Every peloton is different. General constraints hold the thing together (if it’s not held together, and it disintegrates, it’s arguably not a peloton anymore) – like the total number of riders, the conditions, the ability of the riders – and of course, the broader context of the purpose of the peloton to start with.

    A pack of cyclists out for a Sunday club ride, may exhibit some of the more “friendly” attributes that you’ve got listed above, Dan. But the peloton that I spent time towards the peak of my abilities, was about as Darwinian as it gets. We were in competition with each other. We were trying to inflict pain and suffering on each other, through tactics and strategies, each of us playing a role as an individual, sometimes as a member of a team, within the context of a race. That race may last one day, multiple days, it may part of a race series over a number of events that season.

    So for me, that’s where the metaphor breaks down a bit. The temporary truce of the breakaway companions, a small group that has escaped off the front in search of glory, TV coverage, or just as part of their team duties and responsibilities, is a far cry often from the camaraderie of a group of peers or club members out for a weekend jaunt.

    And drafting may be seen as freeloading, not doing one’s work – at which point the rules of the peloton are broken. It’s the prisoner’s dilemma, the tragedy of the commons and Machiavelli, all rolled into one giant chess game at 50kmh, with 100 guys playing at the same time.

    Complex system? Absolutely. Passes the test of agents, interactions, non-linearity, “system level behaviours” that emerge, and some kind of resilience / robustness / ability to adapt to external forces (changing conditions).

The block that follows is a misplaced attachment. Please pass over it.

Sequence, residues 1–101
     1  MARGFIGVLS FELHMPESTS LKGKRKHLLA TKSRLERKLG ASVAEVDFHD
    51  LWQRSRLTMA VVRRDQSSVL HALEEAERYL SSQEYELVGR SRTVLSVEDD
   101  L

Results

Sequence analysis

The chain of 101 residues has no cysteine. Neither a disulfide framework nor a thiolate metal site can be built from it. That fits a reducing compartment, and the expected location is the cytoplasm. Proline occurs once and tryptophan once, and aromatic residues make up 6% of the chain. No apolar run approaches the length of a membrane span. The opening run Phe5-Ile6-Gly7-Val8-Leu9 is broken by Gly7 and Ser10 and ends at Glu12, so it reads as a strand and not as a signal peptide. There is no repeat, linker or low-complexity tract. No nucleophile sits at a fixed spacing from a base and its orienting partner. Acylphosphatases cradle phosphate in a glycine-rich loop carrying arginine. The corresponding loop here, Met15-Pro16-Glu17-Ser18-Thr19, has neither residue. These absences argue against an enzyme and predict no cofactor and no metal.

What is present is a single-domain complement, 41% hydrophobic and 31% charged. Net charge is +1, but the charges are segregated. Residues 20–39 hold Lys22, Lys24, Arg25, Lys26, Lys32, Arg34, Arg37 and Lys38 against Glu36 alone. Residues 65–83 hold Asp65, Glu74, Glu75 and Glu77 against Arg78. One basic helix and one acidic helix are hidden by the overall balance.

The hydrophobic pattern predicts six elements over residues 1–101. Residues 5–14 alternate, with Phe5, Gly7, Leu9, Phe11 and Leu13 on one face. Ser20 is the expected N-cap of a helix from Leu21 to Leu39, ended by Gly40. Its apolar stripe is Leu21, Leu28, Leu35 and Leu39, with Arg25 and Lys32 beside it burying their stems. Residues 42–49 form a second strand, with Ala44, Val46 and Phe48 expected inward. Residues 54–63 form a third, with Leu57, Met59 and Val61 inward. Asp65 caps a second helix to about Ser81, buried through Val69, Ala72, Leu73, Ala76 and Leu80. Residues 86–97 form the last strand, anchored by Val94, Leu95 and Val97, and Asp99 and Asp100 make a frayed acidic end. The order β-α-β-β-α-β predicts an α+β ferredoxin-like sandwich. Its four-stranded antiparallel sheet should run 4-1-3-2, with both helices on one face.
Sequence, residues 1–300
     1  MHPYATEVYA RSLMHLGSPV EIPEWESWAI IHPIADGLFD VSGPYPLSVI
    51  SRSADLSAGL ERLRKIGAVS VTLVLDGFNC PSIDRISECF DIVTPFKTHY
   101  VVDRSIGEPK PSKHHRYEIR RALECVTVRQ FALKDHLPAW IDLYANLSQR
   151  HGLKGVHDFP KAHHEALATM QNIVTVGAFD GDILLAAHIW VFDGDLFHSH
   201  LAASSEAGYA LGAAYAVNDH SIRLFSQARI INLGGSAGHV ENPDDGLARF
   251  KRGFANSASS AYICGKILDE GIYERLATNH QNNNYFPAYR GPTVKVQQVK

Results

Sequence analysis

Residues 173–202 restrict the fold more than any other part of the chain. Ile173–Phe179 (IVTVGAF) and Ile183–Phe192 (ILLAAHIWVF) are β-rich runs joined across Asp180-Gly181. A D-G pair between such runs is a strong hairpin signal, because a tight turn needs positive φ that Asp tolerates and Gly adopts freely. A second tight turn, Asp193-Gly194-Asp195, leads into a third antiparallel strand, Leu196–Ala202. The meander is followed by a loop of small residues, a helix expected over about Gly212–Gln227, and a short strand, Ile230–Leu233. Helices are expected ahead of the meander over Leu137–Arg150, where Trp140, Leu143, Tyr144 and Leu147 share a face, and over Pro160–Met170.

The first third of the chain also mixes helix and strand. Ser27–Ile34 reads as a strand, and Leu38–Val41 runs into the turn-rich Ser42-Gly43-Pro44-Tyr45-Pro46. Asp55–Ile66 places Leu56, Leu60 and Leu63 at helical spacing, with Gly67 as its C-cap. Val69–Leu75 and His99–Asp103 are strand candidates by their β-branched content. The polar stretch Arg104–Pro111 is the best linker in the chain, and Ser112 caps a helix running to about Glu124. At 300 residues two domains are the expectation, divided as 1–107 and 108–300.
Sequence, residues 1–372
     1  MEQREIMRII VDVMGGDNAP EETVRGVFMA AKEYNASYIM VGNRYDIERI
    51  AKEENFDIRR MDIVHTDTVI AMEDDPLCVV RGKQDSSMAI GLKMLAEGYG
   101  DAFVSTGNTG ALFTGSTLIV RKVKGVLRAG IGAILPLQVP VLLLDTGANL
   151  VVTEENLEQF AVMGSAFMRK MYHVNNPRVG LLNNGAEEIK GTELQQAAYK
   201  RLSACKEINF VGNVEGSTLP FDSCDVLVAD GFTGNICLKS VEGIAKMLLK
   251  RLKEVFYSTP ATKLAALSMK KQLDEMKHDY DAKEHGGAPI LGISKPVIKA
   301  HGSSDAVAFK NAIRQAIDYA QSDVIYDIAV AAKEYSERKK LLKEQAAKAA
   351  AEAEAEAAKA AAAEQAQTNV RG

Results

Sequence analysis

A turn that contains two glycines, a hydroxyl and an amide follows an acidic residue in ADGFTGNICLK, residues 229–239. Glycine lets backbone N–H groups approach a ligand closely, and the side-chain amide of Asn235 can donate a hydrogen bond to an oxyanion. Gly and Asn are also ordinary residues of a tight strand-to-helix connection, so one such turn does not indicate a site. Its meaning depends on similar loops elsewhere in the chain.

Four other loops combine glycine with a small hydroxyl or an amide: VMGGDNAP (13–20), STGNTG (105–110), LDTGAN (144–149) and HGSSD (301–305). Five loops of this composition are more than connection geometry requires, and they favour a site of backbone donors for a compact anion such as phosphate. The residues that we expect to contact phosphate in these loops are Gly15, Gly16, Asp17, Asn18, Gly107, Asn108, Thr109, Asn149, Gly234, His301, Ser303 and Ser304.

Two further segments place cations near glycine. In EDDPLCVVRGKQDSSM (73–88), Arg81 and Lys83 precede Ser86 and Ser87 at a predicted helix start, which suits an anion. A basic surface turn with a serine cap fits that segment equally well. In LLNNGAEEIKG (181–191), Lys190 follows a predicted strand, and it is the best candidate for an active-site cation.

Is it the right metaphor to model your org after? It’s a beautiful thing, the peloton, with its flow and motion, speed and seemingly effortless coordination – the closest thing I’ve come to understand the flocking behaviours of fish and birds – and it’s exhilarating to be inside.

    But it’s also a nasty place, filled with rivalries, ego’s, doping, and fierce competition. One that requires the ability at the highest levels of the sport, to commit oneself fully and completely to the goal of being able to suffer more than your competitors.

    One where sometimes, nice guys don’t finish first.

    Sounds kinda like the organization…

  2. @Gord … yer comment was 120 words longer than my actual post. #wow Thanks for chiming in. I completely agree (although have never been part of a professional peloton) which is why I prefaced my comments with “Take away competitive cycling competitions for a moment (eg. Giro d’Italia or Tour de France) and think about amateur cyclists going out for weekend rides or events like the GranFondo between Vancouver and Whistler.”

    My experience is based on ‘friendly pelotons’ with friends, add-ons, Italy/Spain/France trips, etc.

    And your comments certainly help others realize that not all pelotons are as I depicted. Thank you.

    Do you need a hug? 😉

  3. And this is why I shouldn’t leave blog post comments at 11pm at night after a long day… Apparently I missed that bit about ignoring the competitive peloton part.

    Looking forward to getting tucked into Flat Army.